I have written previously about differences between Korean and English, so instead of doing that, I’m going to comment on the relative difference between Korean and Finnish to English.

To begin, word order.  This is a difference.  Korean is SOV.  And Korean often omits not just the subject but the object as well, leaving just the verb and its inflections along with tone to convey meaning.  To explain, it would be like saying, “Hungry.” To mean, ‘I am hungry.’  While using a rising, questioning tone, “Hungry?” to mean, “Are you hungry?”  English speakers probably have no problem with the question-form (“hungry?”) but the idea that “hungry.” Is a grammatical phrase is a stretch for English speakers, and I assume Finnish speakers as well.

Korean is, however, an agglutinating language like Finnish.  And as such, word order (when it is implemented) is not as strict in Korean as it is in English (the man/dog thing again).  Also, much like Finnish, Korean lacks the strict equivalent of “he” and “she” that exists in English.  Many of my colleagues have extensive problems with getting the right personal pronoun when speaking with me and I am actually surprised at the level of misunderstanding this can cause for me, though I am getting better at making sure I keep the referent in mind and simply applying “he/she” to whoever it is.

As far as Phonology goes, modern Korean does not exhibit vowel harmony like Finnish, but it used to.  Old Korean had a system of vowel harmony very similar to Finnish but was described instead in terms of “light” and “dark” or yin and yang.  In modern linguistic terms, it is a tongue root harmony (front –back) with a neutral (schwa) vowel that can swing both ways.  I always like a chance to point out Korea’s long-love of linguistics and the fact that Korean has a description that is definitively not linguistic for their vowel harmony shows how involved and knowledgeable the middle-Korean scholars of language were.  The vowel harmony exists still to some degree in diminutive adjectives and adverbs and some other forms, but is largely gone from the language.  Hard to say it makes speaking English difficult.

Stress, however, is a problem.  Unlike Finnish and English, Korean is a syllable-timed language.  (sometimes said to have no stress but that is technically incorrect).  Stress is spread equally across a phrase and can lead to some wonky pronunciations in English.  One of the reasons I am in favor of teaching Korean ESL leaners about English vowel reduction, as it necessarily reinforces and focuses the student on syllable-stress, while giving them the tools to predict how to pronounce any given word.

Other phonological problems similar to Finnish is the lack of the [θ]/[ð] sound.  Korean takes it a step further to [v]/[f].  It seems Koreans have a hard time putting anything in the space between their teeth, I wonder if they bite their lip less than English and Finnish speakers!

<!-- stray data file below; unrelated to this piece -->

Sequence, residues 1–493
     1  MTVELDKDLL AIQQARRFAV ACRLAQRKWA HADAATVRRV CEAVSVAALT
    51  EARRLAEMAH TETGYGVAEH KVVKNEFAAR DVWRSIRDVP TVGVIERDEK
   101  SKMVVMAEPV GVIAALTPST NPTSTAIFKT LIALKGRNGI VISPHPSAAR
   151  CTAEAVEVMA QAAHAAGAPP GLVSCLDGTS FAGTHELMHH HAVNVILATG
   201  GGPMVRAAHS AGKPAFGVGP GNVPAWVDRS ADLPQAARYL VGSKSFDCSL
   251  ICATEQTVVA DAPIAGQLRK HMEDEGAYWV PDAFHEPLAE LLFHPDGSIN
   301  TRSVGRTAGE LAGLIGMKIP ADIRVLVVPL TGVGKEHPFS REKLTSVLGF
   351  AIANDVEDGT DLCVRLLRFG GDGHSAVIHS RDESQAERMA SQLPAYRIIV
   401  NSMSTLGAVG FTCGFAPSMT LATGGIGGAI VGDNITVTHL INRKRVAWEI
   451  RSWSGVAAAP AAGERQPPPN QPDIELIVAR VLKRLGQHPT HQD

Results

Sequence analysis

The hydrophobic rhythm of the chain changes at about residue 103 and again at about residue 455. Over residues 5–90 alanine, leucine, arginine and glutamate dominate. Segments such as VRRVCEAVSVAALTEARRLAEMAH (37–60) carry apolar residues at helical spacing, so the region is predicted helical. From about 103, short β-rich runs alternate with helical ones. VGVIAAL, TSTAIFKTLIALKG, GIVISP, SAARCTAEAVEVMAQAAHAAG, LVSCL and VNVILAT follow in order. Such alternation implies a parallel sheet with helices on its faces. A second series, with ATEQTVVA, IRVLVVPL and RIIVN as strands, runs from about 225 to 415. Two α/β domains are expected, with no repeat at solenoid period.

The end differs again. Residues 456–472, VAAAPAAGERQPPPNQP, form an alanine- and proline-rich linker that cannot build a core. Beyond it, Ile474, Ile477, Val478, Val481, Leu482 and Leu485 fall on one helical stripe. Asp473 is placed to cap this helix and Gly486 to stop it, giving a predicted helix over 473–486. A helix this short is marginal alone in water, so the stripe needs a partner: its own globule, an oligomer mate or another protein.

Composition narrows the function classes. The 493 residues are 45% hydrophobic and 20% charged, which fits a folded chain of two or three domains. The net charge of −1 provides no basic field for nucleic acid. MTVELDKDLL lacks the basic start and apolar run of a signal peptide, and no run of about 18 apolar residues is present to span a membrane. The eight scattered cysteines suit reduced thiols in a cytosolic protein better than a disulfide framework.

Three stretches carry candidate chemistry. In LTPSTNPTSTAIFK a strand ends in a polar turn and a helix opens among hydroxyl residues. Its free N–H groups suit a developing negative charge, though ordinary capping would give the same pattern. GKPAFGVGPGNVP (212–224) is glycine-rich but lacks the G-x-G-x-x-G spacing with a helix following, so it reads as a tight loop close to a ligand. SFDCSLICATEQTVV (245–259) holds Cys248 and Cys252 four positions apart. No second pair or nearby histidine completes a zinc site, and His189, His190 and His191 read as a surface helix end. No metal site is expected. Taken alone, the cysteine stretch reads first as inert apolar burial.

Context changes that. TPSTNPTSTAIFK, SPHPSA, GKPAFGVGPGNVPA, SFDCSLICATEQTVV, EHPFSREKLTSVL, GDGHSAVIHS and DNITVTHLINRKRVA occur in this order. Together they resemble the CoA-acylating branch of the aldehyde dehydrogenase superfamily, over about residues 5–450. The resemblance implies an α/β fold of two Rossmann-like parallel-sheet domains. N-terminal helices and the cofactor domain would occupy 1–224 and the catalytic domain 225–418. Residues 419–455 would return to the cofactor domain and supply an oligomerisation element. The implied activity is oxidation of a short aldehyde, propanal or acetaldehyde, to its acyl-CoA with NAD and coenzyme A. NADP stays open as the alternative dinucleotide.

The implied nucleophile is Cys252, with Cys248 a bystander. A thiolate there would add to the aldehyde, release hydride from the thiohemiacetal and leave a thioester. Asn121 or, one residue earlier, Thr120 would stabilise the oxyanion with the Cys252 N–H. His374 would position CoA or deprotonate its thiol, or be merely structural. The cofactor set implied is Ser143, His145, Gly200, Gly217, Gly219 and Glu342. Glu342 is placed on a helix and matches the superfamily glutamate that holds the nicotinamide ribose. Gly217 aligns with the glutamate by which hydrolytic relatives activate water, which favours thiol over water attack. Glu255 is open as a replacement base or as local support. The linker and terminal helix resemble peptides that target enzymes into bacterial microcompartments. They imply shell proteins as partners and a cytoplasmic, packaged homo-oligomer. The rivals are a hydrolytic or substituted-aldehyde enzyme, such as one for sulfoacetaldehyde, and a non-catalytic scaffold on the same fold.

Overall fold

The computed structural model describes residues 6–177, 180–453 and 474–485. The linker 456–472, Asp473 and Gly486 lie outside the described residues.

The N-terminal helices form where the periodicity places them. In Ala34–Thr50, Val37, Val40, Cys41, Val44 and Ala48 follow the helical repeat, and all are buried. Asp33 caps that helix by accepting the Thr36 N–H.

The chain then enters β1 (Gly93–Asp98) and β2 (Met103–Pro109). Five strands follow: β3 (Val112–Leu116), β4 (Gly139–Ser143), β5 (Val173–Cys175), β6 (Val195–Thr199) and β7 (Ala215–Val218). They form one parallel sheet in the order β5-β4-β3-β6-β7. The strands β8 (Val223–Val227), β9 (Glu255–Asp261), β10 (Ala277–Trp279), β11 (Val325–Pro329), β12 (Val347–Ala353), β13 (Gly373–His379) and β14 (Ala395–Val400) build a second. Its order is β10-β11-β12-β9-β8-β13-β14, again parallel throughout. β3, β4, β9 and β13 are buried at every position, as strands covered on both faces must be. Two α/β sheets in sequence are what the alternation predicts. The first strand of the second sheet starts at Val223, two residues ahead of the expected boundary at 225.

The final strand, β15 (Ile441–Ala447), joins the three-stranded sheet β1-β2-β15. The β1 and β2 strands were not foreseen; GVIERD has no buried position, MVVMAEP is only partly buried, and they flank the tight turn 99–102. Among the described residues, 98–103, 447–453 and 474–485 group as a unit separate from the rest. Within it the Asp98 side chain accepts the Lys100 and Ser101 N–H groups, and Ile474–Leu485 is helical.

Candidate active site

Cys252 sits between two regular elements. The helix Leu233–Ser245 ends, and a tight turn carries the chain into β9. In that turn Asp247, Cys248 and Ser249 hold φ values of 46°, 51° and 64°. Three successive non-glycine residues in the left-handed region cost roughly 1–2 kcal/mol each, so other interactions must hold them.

Finally, as far as politeness is concerned, Korean uses an extensive system of honorifics that don’t exist in English outside of kingly speech (speaking in 3rd person so as to not directly address someone higher than yourself, “if it pleases the king”) and things like “sir” and “ma’am”.  I’m not aware of the Finnish equivalent.

So, is it fair to say that Finnish speakers learn English easier than Korean speakers?  Probably not.  At least not based on the idea that the language itself is the reason Koreans have more difficulty learning English than Finns.  Culture may play a larger role and the relative “distance” of Finnish culture to European (which is closer to English culture) culture compared to the distance of Korean culture to American culture may be relevant.  I can’t say.

Based on the similarities that Finnish and Korean show, however, it seems like a forgivable mistake that someone, like the Korean Times reporter, might think they are from the same family.  The lesson should be that, regardless of whatever shame we might feel as either ESL educators or Korean-speakers learning English, the linguistic difference between Korean and English is probably not where we should lay the blame.

I might return to talk about why describing Korean as an Altaic language (as everyone around here who knows anything about language seems to want to do) is not fair at some later date.


Finnish and Korean English Education and the role the Native English Teacher

I recently watched a documentary about the Finnish school system called The Finland Phenomenon.  Finland ranks #1 in education by almost any worldwide standard or test and it was interesting to get a brief introduction to their school system, their methods, the culture of the country and how people view education.  But one thing in particular made my jaw and heart drop at the same moment.  The level of English-language proficiency of even the junior high level students was amazing.The Finland Phenomenon

I’m sure the documentary film makers cherry-picked the most proficient to do this activity, but still, the level of fluency was remarkable, even for a high-advanced second language learner of such a young age.   None of my students, as bright as they are, are at the same level or even on track to become so by the time they graduate high school.  Not in pronunciation, not in their grammar, not in their tone.

After looking into their education standards for foreign languages, I quickly found out that I am not the only one who has found a discrepancy between Finnish-learners of English and their Korean counter-parts.  The Korean Times ran an article in 2008 talking about this idea.  Here is part of the opening lines: